U. S. component and semiconductor makers are anxious to compete in the lush Japanese
consumer and industrial markets. Such a move could hurt the slowly growing electronics
industry recently established in Hong Kong, even though Hong Kong labor rates are
down to 86 cents a day.
Minuteman First in Specs, Too
The Air Force's first set of specifications for integrated circuits are based
on the circuits in the guidance and control system for the improved Minuteman missile.
The move sounds like a boost for companies selling such circuits to the Autonetics
division of North American Aviation, Inc. It was Autonetics that designed the circuits
and drafted the specifications for the Air Force [Electronics, March 23, 1964, p.
26]. But Autonetics says it isn't necessarily so.
The company points out that other concerns will have a chance to comment on the
specs and ask for changes. Also, it predicts that nailing down the specs will result
in a longer list of qualified manufacturers. This is what happened with the specs
for high-reliability parts for the original Minuteman, the company notes.
The Air Force adds that it is standardizing a spec system rather than specific
circuits. The new specs, numbered Mil-M-38104/901 through 924, come under the Air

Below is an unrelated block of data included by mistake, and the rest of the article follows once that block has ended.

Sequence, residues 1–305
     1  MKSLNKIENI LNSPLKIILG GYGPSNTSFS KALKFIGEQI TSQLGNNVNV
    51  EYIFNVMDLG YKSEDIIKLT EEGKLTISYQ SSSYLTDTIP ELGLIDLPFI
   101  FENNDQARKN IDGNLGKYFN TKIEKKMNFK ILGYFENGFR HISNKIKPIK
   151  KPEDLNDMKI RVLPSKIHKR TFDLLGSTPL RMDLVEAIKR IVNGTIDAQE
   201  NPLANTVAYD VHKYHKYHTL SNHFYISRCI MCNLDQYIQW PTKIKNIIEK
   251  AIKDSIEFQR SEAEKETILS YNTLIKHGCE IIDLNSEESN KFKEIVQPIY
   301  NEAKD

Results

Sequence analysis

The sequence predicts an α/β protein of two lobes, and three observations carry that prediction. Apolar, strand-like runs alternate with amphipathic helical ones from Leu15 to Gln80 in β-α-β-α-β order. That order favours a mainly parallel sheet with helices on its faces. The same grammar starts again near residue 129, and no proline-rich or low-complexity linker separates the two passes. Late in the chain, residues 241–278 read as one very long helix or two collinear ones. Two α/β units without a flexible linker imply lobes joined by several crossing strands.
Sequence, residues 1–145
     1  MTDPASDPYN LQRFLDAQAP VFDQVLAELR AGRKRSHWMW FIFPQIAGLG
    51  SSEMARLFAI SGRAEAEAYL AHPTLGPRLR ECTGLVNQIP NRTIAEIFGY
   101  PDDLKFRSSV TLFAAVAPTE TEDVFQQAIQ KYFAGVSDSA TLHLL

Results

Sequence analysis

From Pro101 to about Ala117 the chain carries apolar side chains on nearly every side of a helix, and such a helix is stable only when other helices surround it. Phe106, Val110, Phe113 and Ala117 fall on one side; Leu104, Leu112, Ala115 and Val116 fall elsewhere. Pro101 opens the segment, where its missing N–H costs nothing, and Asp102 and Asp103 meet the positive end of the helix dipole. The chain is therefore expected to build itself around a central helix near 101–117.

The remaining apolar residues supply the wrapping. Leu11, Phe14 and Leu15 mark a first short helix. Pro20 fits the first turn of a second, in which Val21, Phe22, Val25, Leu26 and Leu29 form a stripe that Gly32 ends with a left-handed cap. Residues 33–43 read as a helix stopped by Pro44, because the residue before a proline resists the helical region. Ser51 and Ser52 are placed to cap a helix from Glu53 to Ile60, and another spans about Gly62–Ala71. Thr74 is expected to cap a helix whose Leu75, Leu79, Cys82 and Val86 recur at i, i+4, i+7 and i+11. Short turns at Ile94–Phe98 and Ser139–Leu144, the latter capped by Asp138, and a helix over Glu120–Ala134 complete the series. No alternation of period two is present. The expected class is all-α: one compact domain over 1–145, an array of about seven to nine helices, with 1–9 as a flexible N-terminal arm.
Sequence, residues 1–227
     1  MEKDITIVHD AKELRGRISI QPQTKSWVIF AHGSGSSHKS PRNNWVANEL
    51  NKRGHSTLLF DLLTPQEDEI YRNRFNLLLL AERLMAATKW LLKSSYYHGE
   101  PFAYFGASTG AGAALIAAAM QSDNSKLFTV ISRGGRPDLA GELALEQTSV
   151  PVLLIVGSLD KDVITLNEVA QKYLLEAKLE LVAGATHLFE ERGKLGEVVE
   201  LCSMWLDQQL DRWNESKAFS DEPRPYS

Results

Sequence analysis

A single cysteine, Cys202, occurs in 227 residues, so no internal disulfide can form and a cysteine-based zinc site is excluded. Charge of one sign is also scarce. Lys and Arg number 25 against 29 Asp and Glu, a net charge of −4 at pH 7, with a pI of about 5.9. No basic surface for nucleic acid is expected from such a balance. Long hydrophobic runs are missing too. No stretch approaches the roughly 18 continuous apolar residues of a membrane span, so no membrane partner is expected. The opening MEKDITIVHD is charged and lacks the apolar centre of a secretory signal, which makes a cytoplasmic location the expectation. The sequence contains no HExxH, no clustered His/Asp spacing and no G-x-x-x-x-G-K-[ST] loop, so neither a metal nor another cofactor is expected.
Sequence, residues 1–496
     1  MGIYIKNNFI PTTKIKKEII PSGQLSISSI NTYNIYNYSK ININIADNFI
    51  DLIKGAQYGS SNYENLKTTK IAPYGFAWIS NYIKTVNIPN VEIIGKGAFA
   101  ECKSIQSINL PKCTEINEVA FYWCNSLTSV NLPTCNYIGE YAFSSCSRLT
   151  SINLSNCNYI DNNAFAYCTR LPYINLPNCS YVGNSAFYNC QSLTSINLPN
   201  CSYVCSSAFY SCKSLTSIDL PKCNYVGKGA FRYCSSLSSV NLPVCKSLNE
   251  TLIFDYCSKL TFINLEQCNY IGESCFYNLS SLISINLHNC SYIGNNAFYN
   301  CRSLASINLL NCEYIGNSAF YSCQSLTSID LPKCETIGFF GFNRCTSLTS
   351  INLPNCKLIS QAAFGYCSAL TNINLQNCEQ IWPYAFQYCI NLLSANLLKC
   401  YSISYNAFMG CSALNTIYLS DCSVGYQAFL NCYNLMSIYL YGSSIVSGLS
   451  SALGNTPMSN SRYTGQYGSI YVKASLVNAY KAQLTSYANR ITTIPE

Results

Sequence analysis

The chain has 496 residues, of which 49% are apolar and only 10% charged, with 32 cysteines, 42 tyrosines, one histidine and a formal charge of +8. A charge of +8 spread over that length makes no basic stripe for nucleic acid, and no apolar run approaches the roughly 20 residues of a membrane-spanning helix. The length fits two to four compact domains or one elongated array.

Force's standard reliability spec Mil-M-38100.
The specs are supervised by the Air Force Ballistic Systems division at Norden
Air Force Base, California. In July, qualifying action will be shifted to the Air
Force's Air Development Center at Rome, N.Y.
In another stride for microcircuitry, Autonetics is testing two airborne radars
built with 20 standard microcircuits. One radar, the 100-pound R45, is a multimode
set. The other, the 30-pound R47, is a terrain-avoidance type for low-flying missiles
Bell Telephone Switching Lab
The research-hungry Chicago area will, in two or three years, get a big new laboratory
with 1,200 people, 400 of them scientists and engineers. Bell Telephone Laboratories,
the home of the transistor, will build an electronic switching research and development
lab in Naperville, just west of Chicago. About two thirds of the staff will be transferees
from Bell's present switching lab in Holmdel, N. J. The new lab, officials explained,
will be near the Western Electric Company's Hawthorne Works in Cicero, which is
Slated to become the Bell System s number one manufacturing facility for electronic
switching equipment. The Bell System plans to convert all its central telephone
offices from electro-mechanical to electronic switching. The target date for completion
of this enormous task is the year 2,000. The Bell System has been installing electronic
telephone exchanges on a test basis since 1960. The first commercial electronic
central office will go into operation in Succasunna, N. J., early in 1965.